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#4554, 11 July 2014
 

The Henderson Brooks Report

India-China 1962 War: An Open Secret
Wasbir Hussain
Executive Director, Centre for Development & Peace Studies, Guwahati, and Visiting Fellow, IPCS
 

Fifty two years after India suffered an ignominious defeat at the hands of the Chinese along the Himalayan heights in the present Arunachal Pradesh sector, one is amazed at the attempts by successive Governments in New Delhi to keep the war report authored by Lieutenant-General Henderson Brooks and Brigadier PS Bhagat a state secret. And this, after large parts of the so-called classified document, locked up in the vaults of the Defence Ministry and Army Headquarters, has been made public by Australian journalist Neville Maxwell in his blog in recent months and earlier in his well known book India’s China War.

India’s new Defence Minister Arun Jaitley, who less than four months ago authored an article making a forceful plea for making the Henderson Brooks report public to prevent “public opinion (from being) influenced by unauthentic sources,” made a U-turn to say the report cannot be declassified because it would go against the “national interest.” Now, this supposedly elusive report talks about the biggest faux pas made by Nehru’s Congress government and the military establishment of the time. Militarily flawed plans, faulty assessment by the Intelligence Bureau, a disruption in the chain of command between Delhi and forward Army formations coupled with a strange belief that there would be no armed response from Beijing to Nehru’s ‘Forward Policy’ forced India to face a war it was not prepared for.

What is there in the report that New Delhi is so wary about? Apparently, it was Nehru’s ‘Forward Policy’ and orders to establish posts far into the disputed border that acted as a catalyst for the war although the conflict was described in India as Chinese aggression across the Himalayas. This unresolved question, as to the trigger for the war, is largely believed to be at the root of the protracted hostility and trust deficit among the two Asian giants, and could well be the major source of the conflict over border incursions and the developing distrust over sharing the waters of the Yarlung Tsangpo or the Brahmaputra.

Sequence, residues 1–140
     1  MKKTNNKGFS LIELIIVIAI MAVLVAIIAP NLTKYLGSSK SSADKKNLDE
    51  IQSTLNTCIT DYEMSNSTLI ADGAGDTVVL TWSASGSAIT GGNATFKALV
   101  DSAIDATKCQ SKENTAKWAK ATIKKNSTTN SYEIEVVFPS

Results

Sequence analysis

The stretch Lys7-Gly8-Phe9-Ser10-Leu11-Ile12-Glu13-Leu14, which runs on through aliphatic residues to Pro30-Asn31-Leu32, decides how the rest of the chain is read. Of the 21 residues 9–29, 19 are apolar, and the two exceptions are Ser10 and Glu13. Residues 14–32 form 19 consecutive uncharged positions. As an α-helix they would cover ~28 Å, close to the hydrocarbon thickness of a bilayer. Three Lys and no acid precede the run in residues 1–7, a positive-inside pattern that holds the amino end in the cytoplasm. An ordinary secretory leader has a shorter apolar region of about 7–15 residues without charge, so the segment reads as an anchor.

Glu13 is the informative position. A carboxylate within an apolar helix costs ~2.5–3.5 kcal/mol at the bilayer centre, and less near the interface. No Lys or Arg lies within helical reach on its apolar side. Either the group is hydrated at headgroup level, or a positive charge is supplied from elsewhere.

Take a look at how the Chinese made their foray into India, starting on 20 October 1962. The People’s Liberation Army (PLA) came in on two separate flanks – in the west in Ladakh, and in the east across the McMahon Line in the then North-East Frontier Agency (Arunachal Pradesh). China had successfully occupied Aksai Chin - a strategic corridor linking Tibet to western China - the NEFA area, and had almost reached the plains of Assam. In the war in these treacherous terrains, 722 PLA soldiers were killed and around 1,400 wounded, while the Indian death toll stood at 1,383, and 1,047 were wounded. Besides, 1,696 Indians went missing and over 400 taken as prisoners of war. Although Beijing caught most by surprise by calling a unilateral ceasefire and retreating from India's Northeast while retaining Aksai Chin, the defeat at the hands of the Chinese is something Indians will find hard to accept. In fact, this episode is seen as a key reason affecting bilateral relations between the two neighbours.

Surprisingly, India’s Defence Ministry seems to think the report should remain a top secret “given the extremely sensitive nature of the contents which are of current operational value.” Well, the argument of a 52-year-old report that is still supposed to have”current operational value” is unacceptable. Now, New Delhi is readying itself to deploy the brand new Mountain Strike Force in the Himalayan heights by 2017, a fighting-fit Army facing the Chinese. Is New Delhi planning to model this force on the 1962 formations or model its strategy on the one used in 1962? If not, how is it that the 1962 war report could have observations of “current operational value”? These are silly arguments, to say the least.

The Chinese on their part have made available a considerable collection of documents related to the war with India to the Cold War International History Project of the Woodrow Wilson Center in the US. For India, this means that researchers, journalists and foreign policy watchers will be able to see the war better from a Chinese viewpoint rather than the Indian point of view.

Year 2014 is not 1962, and, therefore, India must gather the courage to declassify the report, put it out in the public domain, let people analyse for themselves the causes of the defeat. After all, if there are lessons to be learnt from the 1962 defeat, it is in India’s interest to let countrymen chip in with their thoughts. As Arun Jaitley wrote as recently as on 19 March 2014 on the BJP Website: “...to keep these documents ‘top secret’ indefinitely may not be in larger public interest. Any Nation is entitled to learn from the mistakes of the past. The security relevance of a document loses its relevance in the long term future. Any society is entitled to learn from the past mistakes and take remedial action. With the wisdom of hind sight, I am of the opinion that the report’s contents could have been made public some decades ago.” Jaitley obviously had no idea then that he was going to be sitting in the hot seat of India’s Defence Minister!

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